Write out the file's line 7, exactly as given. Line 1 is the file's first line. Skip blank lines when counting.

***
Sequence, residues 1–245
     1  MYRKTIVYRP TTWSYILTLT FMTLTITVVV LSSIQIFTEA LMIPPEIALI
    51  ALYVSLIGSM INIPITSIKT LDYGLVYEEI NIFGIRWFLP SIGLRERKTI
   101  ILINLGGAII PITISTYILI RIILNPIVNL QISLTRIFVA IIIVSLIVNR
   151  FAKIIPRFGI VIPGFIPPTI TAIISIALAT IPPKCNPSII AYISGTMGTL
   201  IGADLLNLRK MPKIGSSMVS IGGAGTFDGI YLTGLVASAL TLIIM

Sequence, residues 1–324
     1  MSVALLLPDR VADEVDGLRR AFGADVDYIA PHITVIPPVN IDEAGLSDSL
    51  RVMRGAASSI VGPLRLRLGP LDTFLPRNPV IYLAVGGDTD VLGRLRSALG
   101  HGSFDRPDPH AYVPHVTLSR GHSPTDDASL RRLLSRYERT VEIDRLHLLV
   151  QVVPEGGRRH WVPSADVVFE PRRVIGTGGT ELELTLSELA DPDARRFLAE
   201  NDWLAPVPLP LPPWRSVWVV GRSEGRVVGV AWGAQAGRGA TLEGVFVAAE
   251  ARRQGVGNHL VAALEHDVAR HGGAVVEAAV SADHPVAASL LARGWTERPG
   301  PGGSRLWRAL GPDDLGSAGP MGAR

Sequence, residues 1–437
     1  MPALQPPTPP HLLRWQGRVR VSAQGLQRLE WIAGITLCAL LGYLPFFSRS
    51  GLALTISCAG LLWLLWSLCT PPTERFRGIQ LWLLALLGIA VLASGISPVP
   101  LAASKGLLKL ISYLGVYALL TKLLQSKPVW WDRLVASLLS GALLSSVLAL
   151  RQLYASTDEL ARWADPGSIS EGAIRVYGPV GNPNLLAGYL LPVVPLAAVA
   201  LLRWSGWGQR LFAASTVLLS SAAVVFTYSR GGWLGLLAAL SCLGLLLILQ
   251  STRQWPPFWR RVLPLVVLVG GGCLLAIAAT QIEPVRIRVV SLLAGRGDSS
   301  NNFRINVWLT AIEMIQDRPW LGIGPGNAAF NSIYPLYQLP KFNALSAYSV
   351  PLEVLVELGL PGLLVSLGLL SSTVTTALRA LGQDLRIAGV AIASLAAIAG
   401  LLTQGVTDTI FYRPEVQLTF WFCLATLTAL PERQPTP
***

Sequence, residues 1–324